A fourth bedroom is located in a loft space above the garage, where a home office is also cleverly incorporated. 

“This home is long and narrow, running east to west to make the most of the site and to utilise every available internal space to challenge the notion that bigger is better. We believe in quality over quantity and the spatial configuration and utilisation within this home questions and eliminates unnecessary areas where possible, to deliver a family home apparently bigger than the sum of its parts.”

 

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Block walls that front the garage extend out to the west to create a semi-private entrance area.
A translucent panel forms the side of the garage, designed so the internal garage lighting can double as entrance area lighting. 
The form of the house follows the slight curve of the site while the ridgeline is angled to accentuate the slight undulations of the land. 
The form and detailing of the upper level explores the notion of 'shroud' in which to contain and protect, while at the same time directing internal vistas towards the North-West and Cityscape
Here, black and white are contrasted in a variety of materials that enhance the textural elements of this monochromatic exterior palette.
Fluted batons at different angles appear almost as if a piece of fabric had been dropped over the form from a height and created these flutes, almost like curtains
The main living area opens onto the private, rear backyard, whose central space is atop a concrete slab met on either side by timber decking that runs the length of this long, narrow house
A floated concrete floor, black steel fins and a timber stair continue the material palette of the exterior. 
Matte black and timber are the central features in the kitchen, creating a consistent aesthetic in line with the other areas of the home. 
Here, a range of materials converge to create an interesting space of differing textures. 
Fibre cement sheet with negative detailing conceal a shear wall. 
The stairwell forms the centre of the house, with black steel fins and Birch ply stairs. 
The 'shroud' or top level of the house is illuminated at night, with shadows cast from the surrounding trees to highlight the unique textural form.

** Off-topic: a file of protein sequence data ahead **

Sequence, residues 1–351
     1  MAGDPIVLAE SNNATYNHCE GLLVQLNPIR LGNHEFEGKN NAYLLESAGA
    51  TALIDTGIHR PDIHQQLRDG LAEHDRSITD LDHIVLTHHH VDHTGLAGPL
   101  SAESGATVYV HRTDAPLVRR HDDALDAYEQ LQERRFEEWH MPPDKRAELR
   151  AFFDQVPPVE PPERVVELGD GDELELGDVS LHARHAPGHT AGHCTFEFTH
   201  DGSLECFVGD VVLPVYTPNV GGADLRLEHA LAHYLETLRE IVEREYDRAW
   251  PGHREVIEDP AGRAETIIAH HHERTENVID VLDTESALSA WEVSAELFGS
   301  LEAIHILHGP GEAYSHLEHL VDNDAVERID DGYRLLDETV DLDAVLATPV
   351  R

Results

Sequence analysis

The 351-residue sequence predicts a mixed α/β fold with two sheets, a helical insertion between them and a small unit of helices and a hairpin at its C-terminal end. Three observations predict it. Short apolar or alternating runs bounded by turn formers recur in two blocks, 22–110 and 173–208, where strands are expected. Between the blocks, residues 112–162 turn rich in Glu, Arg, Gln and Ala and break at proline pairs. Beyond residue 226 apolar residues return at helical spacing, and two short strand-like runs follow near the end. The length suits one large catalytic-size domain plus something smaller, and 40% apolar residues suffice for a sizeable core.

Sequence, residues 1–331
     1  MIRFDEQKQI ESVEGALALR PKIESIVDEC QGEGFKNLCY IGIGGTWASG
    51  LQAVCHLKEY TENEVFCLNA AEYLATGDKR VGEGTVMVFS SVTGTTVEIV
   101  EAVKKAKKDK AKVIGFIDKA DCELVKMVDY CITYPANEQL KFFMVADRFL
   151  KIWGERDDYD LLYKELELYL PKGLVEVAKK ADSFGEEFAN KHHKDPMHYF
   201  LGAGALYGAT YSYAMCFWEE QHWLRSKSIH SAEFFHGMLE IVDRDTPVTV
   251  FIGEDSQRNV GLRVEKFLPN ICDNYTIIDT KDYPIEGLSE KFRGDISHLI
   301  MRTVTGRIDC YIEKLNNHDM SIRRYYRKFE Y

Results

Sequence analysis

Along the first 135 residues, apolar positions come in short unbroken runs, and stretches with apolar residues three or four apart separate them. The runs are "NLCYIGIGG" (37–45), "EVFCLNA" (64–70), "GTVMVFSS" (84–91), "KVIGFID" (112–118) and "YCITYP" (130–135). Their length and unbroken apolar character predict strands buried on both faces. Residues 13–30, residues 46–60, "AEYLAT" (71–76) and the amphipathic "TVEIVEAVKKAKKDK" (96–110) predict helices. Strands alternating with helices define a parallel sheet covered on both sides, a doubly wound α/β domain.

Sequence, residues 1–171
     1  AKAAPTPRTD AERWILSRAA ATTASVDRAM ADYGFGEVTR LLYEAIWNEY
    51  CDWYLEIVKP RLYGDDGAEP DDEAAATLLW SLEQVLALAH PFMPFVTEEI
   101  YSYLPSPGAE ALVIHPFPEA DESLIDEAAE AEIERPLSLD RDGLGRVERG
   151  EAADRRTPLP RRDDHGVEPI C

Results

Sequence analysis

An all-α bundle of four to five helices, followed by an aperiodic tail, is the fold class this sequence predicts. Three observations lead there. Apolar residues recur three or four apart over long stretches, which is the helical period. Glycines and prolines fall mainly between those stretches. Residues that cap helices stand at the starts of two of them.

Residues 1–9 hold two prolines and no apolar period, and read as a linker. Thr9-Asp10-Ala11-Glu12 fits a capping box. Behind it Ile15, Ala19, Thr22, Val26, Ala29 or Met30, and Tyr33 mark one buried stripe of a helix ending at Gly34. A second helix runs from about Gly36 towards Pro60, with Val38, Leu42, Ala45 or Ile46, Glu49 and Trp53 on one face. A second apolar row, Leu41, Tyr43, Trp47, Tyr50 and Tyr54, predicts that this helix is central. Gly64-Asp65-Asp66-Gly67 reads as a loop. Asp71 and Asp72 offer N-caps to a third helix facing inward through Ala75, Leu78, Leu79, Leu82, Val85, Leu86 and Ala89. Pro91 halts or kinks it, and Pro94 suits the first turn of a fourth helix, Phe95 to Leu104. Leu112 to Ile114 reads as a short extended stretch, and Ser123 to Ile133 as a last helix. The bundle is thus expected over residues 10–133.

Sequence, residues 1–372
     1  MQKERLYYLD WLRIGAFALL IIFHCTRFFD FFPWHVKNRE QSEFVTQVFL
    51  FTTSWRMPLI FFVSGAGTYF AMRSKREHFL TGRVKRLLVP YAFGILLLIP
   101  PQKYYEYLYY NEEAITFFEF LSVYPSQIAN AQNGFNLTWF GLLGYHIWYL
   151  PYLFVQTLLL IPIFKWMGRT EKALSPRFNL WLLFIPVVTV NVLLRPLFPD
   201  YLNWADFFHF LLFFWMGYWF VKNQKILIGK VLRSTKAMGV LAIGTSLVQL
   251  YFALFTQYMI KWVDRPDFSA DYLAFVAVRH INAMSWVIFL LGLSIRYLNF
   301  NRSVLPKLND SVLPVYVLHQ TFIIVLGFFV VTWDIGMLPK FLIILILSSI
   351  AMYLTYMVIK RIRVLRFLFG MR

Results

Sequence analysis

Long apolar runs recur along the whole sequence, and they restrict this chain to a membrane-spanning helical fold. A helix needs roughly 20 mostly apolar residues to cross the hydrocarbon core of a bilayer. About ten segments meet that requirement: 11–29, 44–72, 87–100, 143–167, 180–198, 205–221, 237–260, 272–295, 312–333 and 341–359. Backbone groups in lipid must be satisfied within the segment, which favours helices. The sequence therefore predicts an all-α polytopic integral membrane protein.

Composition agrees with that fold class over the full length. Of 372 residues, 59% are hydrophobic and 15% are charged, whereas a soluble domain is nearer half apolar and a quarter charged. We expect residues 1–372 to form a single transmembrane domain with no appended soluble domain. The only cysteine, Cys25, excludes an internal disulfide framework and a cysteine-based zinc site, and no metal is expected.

Imposing and private, the streetfront facade offers a level of intrigue giving little of the interiors away. 
A translucent panel allows for the entrance area to be illuminated at night by the internal garage lighting. 
The main outdoor area is located at the rear of the home where a significant grassed area provides ample room for the family to relax and entertain. 

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Meyrick

Situated in a cul-de-sac in the inner Auckland suburb of Meadowbank - an area known for its predominantly flat land sandwiched between the Orakei Basin and the slopes of St Johns—this site sits at the highest point of the suburb. 

When architect Mark Frazerhurst originally visited the site, he was immediately struck by the haphazard connections that had been forged over the years between an original 1950s structure and various ad hoc additions and extensions over the following decades.

The initial brief was to renovate the existing form but after a brief period of consideration it became clear that both from a budgetary and planning point of view, there was little sense in retaining the existing structure.

Starting with a blank canvas then, Mark decided to pull the new house much closer to the street frontage, leaving significant free space at the rear of the 875m2 property for future subdivision. 

“The brief called for a contemporary family home incorporating three bedrooms and two living areas if possible,” Mark says. 

As the design emerged, it became possible to incorporate further elements in a relatively small footprint, something Mark explains is a key part of considering space in the most efficient way possible to design houses of quality not quantity.

From the street, the house gives little away. The site sits on a gentle convex curve, so together with the subtle concave nature of the front facade, an enclosing courtyard entry is created.